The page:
A sense of place

Starkville Daily News - - FORUM -

Sum­mer is pretty much here and

Starkville has al­ready had sev­eral big events to get folks out­side.

The Cot­ton

District Arts Fes­ti­val, the King Cot­ton Craw­fish Boil and other out­door at­trac­tions have helped ring in the sun­shine and now that school is out, the pace of the town is chang­ing for sum­mer.

The ef­forts of folks like the Greater Good Col­lec­tive and the Camp fam­ily turned a piece of Starkville - across from a ceme­tery, mind you - into a vi­brant fam­ily-friendly minia­ture arts fes­ti­val, alive with mu­sic and peo­ple spend­ing money.

The year's first Sun­day Fun­day on Uni­ver­sity Drive next to City Bagel seemed to be a re­sound­ing suc­cess this past week­end. The city has been ac­com­mo­dat­ing with the event's growth and as the or­ga­niz­ers get their feet un­der them, they will only get big­ger and bet­ter at what they do.

These kinds of events raise the qual­ity of life for peo­ple of all ages and in­come lev­els. Sun­day Fun­day was free, whole­some and in a safe area. There weren't drunk col­lege kids puk­ing into trash cans and the mu­sic was at a rea­son­able vol­ume, so town­ies of all be­liefs should be able to get be­hind that, right?

While I'm not a city plan­ner, I think the op­por­tu­ni­ties for Starkville are many - it's just a mat­ter of fol­low­ing through and be­ing in­no­va­tive.

As a dis­claimer, I do not have an an­swer to any of these ques­tions, but I know we have a com­mu­nity full of bright folks ca­pa­ble of re­al­iz­ing the city's po­ten­tial.

For in­stance, the former site of the Starkville Com­mu­nity Mar­ket on the cor­ner of Lamp­kin and Jack­son in down­town seems per­fect for some­thing other than a va­cant lot.

The wide green space makes the cor­ner more at­trac­tive than it would oth­er­wise be and the pos­si­bil­i­ties are many. At the of­fice, we of­ten joke about what we would do if we owned the lot, and I think the right idea could dras­ti­cally im­prove the look and feel of that cor­ner, es­pe­cially with the former Board­town Trad­ing Post build­ing sit­ting empty and the green grass on the cor­ner sur­rounded by an iron fence. If there is an area in our down­town that needs ad­dress­ing, it's that cor­ner.

While I don't own the prop­erty and have zero say other than the words in this col­umn, I think we need to make the most of ev­ery sliver of green space we have in the city.

Fire Sta­tion Park is a fan­tas­tic ex­am­ple of what is pos­si­ble just in down­town. It's not Cen­tral Park, no, but or­ga­ni­za­tions like the GSDP do a lot with a lit­tle by host­ing award­win­ning events and rolling out a new out­door con­cert series.

Which brings me to my next hope: tac­ti­cal ur­ban­ism.

Many is­sues di­vide the Starkville Board of Al­der­men, but not this one. Last Novem­ber, al­der­men unan­i­mously ap­proved the plans for a pro­to­type tac­ti­cal ur­ban­ism project on Uni­ver­sity Drive in front of the Starkville-Ok­tibbeha County Pub­lic Li­brary.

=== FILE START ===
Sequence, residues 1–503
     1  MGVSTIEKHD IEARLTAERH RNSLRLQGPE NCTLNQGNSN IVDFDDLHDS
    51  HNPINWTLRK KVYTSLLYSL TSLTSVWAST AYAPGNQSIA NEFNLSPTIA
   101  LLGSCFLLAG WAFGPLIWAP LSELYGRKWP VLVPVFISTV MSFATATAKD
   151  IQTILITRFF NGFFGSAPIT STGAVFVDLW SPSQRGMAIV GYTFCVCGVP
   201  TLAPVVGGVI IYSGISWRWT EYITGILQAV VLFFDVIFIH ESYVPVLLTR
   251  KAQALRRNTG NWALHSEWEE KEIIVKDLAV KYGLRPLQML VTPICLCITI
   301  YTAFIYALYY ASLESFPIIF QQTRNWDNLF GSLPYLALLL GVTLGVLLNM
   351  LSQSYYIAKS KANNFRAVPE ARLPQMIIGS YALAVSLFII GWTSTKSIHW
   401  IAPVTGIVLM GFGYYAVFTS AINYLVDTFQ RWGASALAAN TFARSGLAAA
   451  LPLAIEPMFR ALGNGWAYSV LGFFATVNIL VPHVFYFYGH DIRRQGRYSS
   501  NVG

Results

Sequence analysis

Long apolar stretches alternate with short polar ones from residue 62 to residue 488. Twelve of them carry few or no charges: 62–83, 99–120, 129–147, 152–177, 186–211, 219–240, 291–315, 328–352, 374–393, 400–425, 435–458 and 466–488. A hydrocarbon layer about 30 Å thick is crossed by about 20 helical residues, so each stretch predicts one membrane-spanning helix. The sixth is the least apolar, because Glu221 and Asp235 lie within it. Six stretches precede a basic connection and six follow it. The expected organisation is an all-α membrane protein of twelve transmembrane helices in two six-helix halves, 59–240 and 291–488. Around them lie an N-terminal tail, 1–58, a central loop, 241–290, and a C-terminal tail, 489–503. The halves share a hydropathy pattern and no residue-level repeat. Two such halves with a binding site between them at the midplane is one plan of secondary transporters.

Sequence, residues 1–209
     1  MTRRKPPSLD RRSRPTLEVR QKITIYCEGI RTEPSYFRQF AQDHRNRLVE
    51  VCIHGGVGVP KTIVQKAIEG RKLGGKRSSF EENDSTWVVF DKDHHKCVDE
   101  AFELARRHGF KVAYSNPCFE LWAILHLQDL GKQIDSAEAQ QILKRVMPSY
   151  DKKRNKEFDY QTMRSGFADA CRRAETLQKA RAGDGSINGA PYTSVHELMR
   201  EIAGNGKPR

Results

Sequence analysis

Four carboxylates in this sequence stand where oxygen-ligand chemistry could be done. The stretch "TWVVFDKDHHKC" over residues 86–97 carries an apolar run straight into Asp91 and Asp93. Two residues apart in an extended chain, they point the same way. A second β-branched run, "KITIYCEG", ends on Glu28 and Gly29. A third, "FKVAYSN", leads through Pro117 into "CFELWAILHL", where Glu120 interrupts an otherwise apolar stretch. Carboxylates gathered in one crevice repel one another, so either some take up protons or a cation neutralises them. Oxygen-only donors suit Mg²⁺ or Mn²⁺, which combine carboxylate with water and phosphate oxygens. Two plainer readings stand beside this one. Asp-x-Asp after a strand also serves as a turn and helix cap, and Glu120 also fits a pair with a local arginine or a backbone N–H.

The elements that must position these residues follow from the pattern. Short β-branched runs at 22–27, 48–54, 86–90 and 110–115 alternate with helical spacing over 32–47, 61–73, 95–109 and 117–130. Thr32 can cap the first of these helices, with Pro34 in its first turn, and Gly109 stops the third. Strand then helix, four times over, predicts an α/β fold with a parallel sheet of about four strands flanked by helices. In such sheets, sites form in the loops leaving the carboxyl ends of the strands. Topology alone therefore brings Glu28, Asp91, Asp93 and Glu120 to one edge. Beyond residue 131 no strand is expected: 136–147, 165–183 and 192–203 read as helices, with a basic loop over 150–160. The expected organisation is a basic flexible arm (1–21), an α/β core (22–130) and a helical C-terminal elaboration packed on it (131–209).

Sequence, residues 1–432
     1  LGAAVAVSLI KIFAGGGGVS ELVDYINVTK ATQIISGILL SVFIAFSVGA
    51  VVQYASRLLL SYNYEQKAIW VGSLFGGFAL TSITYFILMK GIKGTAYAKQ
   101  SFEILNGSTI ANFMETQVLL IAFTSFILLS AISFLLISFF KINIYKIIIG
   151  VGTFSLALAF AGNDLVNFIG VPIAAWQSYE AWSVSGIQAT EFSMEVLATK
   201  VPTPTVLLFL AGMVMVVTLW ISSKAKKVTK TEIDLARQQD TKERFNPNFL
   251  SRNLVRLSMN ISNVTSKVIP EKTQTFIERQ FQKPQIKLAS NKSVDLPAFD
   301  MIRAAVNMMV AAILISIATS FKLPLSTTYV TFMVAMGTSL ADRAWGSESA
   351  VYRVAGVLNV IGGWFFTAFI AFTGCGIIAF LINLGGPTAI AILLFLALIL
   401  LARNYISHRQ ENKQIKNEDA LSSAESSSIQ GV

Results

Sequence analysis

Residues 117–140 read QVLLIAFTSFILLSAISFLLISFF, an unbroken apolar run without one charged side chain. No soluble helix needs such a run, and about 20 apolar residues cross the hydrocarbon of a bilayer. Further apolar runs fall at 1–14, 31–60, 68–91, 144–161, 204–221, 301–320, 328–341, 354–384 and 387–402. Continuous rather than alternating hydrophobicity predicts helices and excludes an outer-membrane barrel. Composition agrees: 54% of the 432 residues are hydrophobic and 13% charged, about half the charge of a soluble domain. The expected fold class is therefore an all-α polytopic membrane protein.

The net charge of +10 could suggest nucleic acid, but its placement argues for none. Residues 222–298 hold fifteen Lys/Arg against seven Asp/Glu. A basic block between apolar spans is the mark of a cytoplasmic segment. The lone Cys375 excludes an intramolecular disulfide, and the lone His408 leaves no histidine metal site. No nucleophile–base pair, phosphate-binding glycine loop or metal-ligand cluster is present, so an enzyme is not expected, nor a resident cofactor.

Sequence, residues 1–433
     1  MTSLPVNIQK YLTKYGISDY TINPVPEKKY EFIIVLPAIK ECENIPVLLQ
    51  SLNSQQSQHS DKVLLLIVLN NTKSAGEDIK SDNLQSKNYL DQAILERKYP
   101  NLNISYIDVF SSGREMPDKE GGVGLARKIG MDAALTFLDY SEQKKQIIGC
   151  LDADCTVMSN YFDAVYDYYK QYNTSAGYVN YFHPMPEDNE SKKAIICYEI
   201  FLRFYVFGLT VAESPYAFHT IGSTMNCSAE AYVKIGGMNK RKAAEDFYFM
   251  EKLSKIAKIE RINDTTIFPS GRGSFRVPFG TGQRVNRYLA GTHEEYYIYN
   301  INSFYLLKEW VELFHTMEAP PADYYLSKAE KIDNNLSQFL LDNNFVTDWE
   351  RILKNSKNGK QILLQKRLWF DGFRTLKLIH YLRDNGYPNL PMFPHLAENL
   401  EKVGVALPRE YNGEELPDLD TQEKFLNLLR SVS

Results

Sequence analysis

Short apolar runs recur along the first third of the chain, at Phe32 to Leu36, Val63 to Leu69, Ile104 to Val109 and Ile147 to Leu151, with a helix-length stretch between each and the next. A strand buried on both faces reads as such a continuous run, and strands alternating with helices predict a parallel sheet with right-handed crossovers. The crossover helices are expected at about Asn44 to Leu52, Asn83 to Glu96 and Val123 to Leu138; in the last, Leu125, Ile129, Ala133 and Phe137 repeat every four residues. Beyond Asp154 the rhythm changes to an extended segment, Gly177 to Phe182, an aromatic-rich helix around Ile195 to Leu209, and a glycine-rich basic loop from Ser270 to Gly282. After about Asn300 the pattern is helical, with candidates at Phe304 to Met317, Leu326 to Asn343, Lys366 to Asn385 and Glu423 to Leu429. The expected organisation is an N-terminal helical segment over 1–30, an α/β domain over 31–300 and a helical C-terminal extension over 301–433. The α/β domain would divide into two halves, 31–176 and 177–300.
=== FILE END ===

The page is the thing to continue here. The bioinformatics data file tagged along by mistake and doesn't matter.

No last­ing changes have come to the lane in front of the li­brary, but just based on my am­a­teur eye test, if you pulled up all the mon­key grass and mulch be­tween the build­ing and the side­walk wrap­ping around the build­ing (leav­ing the trees for shade of course), you free up at least 10 feet of space along the li­brary go­ing from the front of the build­ing and around the cor­ner. You could lay sod and host wider out­door li­brary events that could at­tract new faces to the li­brary. This is a novice ob­ser­va­tion, and one I'm sure land­scap­ers and ar­chi­tects would be quick to point out faults in, but my point is that we have space that we could be us­ing in dif­fer­ent ways to

im­prove the look and feel of our city.

My hope, though, is that the city will con­tinue to build upon the con­cept of turn­ing un­der-uti­lized city space into some­thing that can be en­joyed in more ways than just some­thing nice to look at.

Ward 4 Al­der­man Jason Walker said in Novem­ber that “Any time that you can re­claim some of that space that is not be­ing used to its best and fullest po­ten­tial is an op­por­tu­nity to look at.”

So I say, let's do it. The spring rains that put many lo­cal con­struc­tion projects be­hind sched­ule are pretty much gone so we don't have any ex­cuse if this is some­thing the city is truly com­mit­ted to now. There is also an obli­ga­tion on the part of ci­ti­zens to be vo­cal about what they want to see hap­pen. There's a pub­lic comment sec­tion dur­ing all meet­ings for that rea­son, so it's im­por­tant that the freedom is ex­er­cised.

I think down­town Starkville has so much po­ten­tial to un­lock and if we as a com­mu­nity can fol­low through on the vi­sions we lay out, then we can make

down­town ex­actly what we want it to be, just like the Greater Good Col­lec­tive, the GSDP and Starkville Area Arts Coun­cil have done with their events. It takes a vil­lage, though - not just its lead­ers.

Into the heat of sum­mer, you will be sure to run into pop-up art shops around the city. Sun­day Fun­day will bring folks out on oth­er­wise slow week­ends, so why not find a cre­ative way to fur­ther marry the arts com­mu­nity and tac­ti­cal ur­ban­iza­tion projects?

What do we have to lose? I thought cost-ef­fi­ciency was the whole rea­son to do projects like this, so I re­ally don't think money will be an is­sue, ei­ther. If you help peo­ple de­velop a sense of place through these projects, it will pay div­i­dends.

And if we can im­prove the qual­ity of life through more green space and pro­vide things to bring the com­mu­nity to those spa­ces, then the so­cial fab­ric of this city will just be­come that much stronger.

Ryan Phillips is the ex­ec­u­tive editor of the Starkville Daily News. The views ex­pressed in this col­umn are his and do not nec­es­sar­ily re­flect the views and opin­ions of the news­pa­per or its staff.


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